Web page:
My  appointment  to  the  Presidential  Nyalali  Commission.
President  Mwinyi’s   first  term  in  office (1985 – 1990),  was  relatively  uneventful,   with   Mwalimu  Nyerere   still  around,  as   head  of  CCM,  the  powerful  Ruling  party  which  he   himself  had  founded.  But  things  started  to  change  after  1990,  when  he  became the   sole man-in-  charge. His  major  changes  include  the  Constitutional  reforms  which  re-introduced  multi-party  politics  in  our  country,  in  which  I  was  very  closely  involved.
The   Constitutional   reforms.
The  idea  of  re-examining  our   one-party  political  system,  was  actually  motivated  by   the political  events  which  occurred  during  the  year  1989,  in  Eastern  Europe  when,  quite   unexpectedly,  great  political  changes  took  place  in  that  part  of  the  world  leading  to  the  downfall   of  nearly  all  the  Communist  parties,  which  were  the  Ruling  parties  in  those  countries;  accompanied  by  demands   for  the  enhancement  of  democracy  based  on  multi-party  politics, the  observance  of  human  rights;  and  the  introduction  of  a  market  economy.    
Such  demands  also  quickly  spread  to  several  African  countries,  bringing  about  violence,  and  even  loss  of  life,   in  some  of  them.                                                    
This  is  what  made  it  necessary  for  several  countries  that  were  operating  the  one-party  political  system,  including  Tanzania,  to  start  giving  consideration  to  the  possibility  of  abandoning   that  system,   in  favour  of  the  alternative  multi-party  system.  Consideration  of  this  option  was  done  by  the  CCM  National  Executive  Committee  at  its  regular  meeting  held  in  February  1991  at  which,   among  other  matters, it carefully  reviewed  the  state  of  politics  in  the  world  generally, created  by  the  events  that  had  recently   taken  place  in  Eastern  Europe.   The  CCM  NEC   resolved  as  follows :-(a)  That  judging  from    the  circumstances  then  obtaining  in  the  global  political  environment;  a  national  debate  be  initiated  throughout  the  country,  to  discuss   whether,  or  not,  our  country  should   change  to  multi-party  politics;  and (b) To  authorize   the  President  to  appoint  a  Presidential  Commission,  which  would  coordinate  and  aggregate  these  discussions;   and  in  due  course  present  a  Report  of  its  findings. I   had  just  been  elected   Deputy  Speaker,    but   was  also   appointed  by  President  Mwinyi  to   the  membership  of    that   Nyalali   Commission.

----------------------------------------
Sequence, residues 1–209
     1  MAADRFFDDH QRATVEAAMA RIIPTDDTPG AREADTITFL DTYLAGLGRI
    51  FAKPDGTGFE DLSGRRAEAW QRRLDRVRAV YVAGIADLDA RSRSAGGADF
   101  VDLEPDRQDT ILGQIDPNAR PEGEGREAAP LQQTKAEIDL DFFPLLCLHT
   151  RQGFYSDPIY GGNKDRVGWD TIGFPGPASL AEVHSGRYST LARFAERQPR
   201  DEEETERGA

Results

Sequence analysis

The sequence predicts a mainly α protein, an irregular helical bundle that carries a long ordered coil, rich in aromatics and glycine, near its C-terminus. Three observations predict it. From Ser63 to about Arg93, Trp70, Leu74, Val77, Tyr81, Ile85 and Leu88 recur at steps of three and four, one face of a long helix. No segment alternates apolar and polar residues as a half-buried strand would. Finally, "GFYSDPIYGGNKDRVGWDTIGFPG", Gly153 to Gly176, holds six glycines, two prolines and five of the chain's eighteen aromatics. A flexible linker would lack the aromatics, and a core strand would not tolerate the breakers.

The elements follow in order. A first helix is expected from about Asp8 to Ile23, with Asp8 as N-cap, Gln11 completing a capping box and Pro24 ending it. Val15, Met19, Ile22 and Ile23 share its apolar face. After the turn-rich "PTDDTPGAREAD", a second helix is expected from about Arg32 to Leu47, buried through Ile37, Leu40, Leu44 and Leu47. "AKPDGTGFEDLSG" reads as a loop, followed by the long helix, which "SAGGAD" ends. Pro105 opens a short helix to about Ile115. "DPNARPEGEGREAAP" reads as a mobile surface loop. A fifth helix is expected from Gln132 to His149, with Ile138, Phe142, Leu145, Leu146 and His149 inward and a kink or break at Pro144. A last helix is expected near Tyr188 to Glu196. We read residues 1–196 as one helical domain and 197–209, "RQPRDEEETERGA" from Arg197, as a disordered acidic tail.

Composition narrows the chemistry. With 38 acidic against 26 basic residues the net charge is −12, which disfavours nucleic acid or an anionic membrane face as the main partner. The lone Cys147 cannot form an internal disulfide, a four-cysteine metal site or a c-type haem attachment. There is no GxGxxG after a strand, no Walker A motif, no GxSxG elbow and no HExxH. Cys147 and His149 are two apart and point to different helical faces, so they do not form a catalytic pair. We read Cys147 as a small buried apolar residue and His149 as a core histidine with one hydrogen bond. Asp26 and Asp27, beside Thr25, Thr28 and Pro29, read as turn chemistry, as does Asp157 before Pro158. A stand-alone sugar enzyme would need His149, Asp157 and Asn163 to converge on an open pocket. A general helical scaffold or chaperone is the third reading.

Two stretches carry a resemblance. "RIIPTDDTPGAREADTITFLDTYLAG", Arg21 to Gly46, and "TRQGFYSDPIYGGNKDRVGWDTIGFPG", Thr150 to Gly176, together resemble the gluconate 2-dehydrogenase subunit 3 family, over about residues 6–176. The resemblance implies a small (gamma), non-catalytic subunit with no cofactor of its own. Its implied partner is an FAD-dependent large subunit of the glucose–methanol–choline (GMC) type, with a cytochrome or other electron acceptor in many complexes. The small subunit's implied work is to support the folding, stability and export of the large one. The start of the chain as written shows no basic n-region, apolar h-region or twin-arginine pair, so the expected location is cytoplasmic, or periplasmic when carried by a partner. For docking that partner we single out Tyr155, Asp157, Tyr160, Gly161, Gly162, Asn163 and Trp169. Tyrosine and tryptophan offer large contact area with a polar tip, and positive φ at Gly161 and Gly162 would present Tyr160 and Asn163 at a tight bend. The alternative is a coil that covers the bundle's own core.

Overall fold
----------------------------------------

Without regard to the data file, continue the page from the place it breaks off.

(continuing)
President  Mwinyi’s   economic  reforms
And  in  my  other  capacity  as  a  member  of  CCM’s  National  Executive  Committee,  I  also  participated  in  some  of  the  decision-making  processes  which  resulted  in  major  reforms  of  the  country’s  economic  policies,  which  were  initiated  by  President Mwinyi.                                                                                                         
December  1992,   the  CCM  National  Executive  Committee  approved  a  new  economic  policy  document  titled  “Mwelekeo  was  Sera  za  CCM  katika  Miaka  ya  Tisini” (CCM’s  policy  Vision  for  the  1990s);  whose  principal  objective  was  to  ensure  that  the  country’s  economy  “is  owned  and  managed  by  the  people  themselves,  either  in  their  individual  capacities,  or  through  their  independent  cooperative  societies,  or  joint-venture  companies  in  which  thousands  of  wananchi  will  own  shares”.                   
In  this  way,  it  was  assumed,  “the  larger  part  of  the  economy  will  be  owned  and  controlled  by  the  people  themselves,  thus  giving  them  the  opportunity  to  upgrade  their  living  standards”. However,  a  subsequent  evaluation  revealed  that the  implementation  of  this  policy  had  not  been  entirely  successful.
(Will  be  continued  next  week).
piomsekwa@gmail.com /0754767576.